Protesters Gather In East Hampton Village To Oppose Deer Culling

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A parade of protesters took to the streets of East Hampton Village on Saturday afternoon to voice their opposition to a deer cull planned by several municipalities, including East Hampton Village, with the help of the Long Island Farm Bureau and U.S. Department of Agriculture sharpshooters.

East Hampton Village Police estimated that perhaps 200 people turned out, while anti-cull activists, like John Di Leonardo of Long Island Orchestrating for Nature (LION), put the number at about 300.

In their quest to get the attention of government officials, the activists shook signs and repeated anti-USDA chants. From the Hook Mill green to Herrick Park on Newtown Lane, their signs—from “It is man’s fault” to “Birth control not guns” and “Kill kill kill is not the answer”—got mixed reactions from passersby.

One man stood watching the parade on Newtown Lane and responded against the protest. “Save the deer, kill the people!” he said.

Just a few feet away in front of Babette’s, the protesters were greeted with applause.

Once they had gathered at Herrick Park, Bill Crain, the president of the East Hampton Group for Wildlife, led the group in a series of chants. “You’re standing as protectors of life,” he said. “Hey, hey, ho, ho, these deer killers got to go.”

Wendy Chamberlain, an animal advocate and rally organizer, told the crowd that the plan to cull deer with USDA sharpshooters must be stopped. “The USDA should be called the Wildlife Extermination Service,” she said. “They’re a bad group of people. The fact that politicians have invited them … is inexcusable.”

Ms. Chamberlain announced that animal advocates from LION, the Wildlife Preservation Coalition of Eastern Long Island, and the East Hampton Group for Wildlife have hired an environmental firm from upstate, Young/Sommer LLC, to represent them in a lawsuit against any and all municipalities that sign on to the Farm Bureau’s cull program. She said the advocates are also suing the USDA, which would provide sharpshooters, and the New York State Department of Environmental Conservation, whose approval the culling plan requires.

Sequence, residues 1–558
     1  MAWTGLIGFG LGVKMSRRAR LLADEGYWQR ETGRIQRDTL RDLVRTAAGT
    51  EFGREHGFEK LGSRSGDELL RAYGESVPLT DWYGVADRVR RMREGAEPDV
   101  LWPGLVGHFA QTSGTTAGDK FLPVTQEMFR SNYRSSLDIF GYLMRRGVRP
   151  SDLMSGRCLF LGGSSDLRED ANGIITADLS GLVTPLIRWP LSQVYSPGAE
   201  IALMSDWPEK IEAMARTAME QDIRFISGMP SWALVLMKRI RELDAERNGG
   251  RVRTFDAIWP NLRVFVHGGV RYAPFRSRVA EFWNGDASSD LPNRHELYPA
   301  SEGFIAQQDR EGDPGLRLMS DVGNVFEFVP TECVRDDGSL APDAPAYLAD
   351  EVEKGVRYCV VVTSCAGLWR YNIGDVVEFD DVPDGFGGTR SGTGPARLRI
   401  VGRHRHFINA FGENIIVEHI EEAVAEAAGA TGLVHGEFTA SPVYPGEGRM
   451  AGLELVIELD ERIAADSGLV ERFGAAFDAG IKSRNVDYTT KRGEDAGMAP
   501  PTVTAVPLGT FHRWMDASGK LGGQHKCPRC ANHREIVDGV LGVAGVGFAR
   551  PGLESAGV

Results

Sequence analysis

Mr. Crain and Ron Delsener have filed a separate lawsuit against the town and village of East Hampton, according to Mr. Di Leonardo.

“The cull is like 16th-century thinking, and this is the 21st century,” Ms. Chamberlain said after the protest, adding that the DEC is discussing a cull of mute swans, too. “These types of wildlife problems are only going to get worse unless we decide to manage our own population and not choose the most primitive form of wildlife management. It is criminally insane to do something like that. We have to rely on scientists, not on psychopaths.”

Brian Conway of Hunters for Deer said New York State and local municipalities are not using common sense. He said the deer have adapted in places where hunters are allowed to hunt, so the hunters have seen fewer deer each year. Mr. Conway said that hunters can be just as successful as USDA sharpshooters if given broader access to the animals.

Lisa Catalano, an advocate for animals from Nassau County, said the planned cull won’t help at all. “This is the biggest bunch of B.S.,” she said. “Why spend hundreds of thousands of dollars?”

Ruth Vered of the Vered Art Gallery, who said she had been attacked by deer in the past, joined the crowd yelling, “Save the people!” and “F— the deer!”

Emotional protesters immediately argued back.

“So we should kill opossum, raccoons, and then deer?” asked April Carone of Hampton Bays. “All carry ticks.”

After Ms. Vered was pulled away from protesters, Ms. Carone said she had come to defend wildlife. “We need to share all of God’s creatures,” she said. “This goes back to what we did to the Native Americans. We need to protest for those without a voice.”

On Friday, before the cull protest, Kathy Cunningham of the East Hampton Village Preservation Society had pleaded with East Hampton Village Mayor Paul Rickenbach Jr. at a Village Board meeting to consider immunocontraceptives or sterilization as a complementary solution to the overpopulation of deer.

Mr. Rickenbach said that he could see a multi-year culling program taking place in conjunction with a sterilization program, but that he’d like to coordinate that effort with East Hampton Town before taking that route. Because of the “epidemic of the overpopulation of deer,” the mayor said, he would like to see the culling program move ahead first.

“It makes me think how 70 years ago they rounded up people they considered unworthy to live and now we’re doing it to other sentient beings,” East Hampton resident Linda Creash said at the protest. “I just don’t understand why the town that considers itself progressive in so many ways can resort to a mass slaughtering of living beings. Find another way.”

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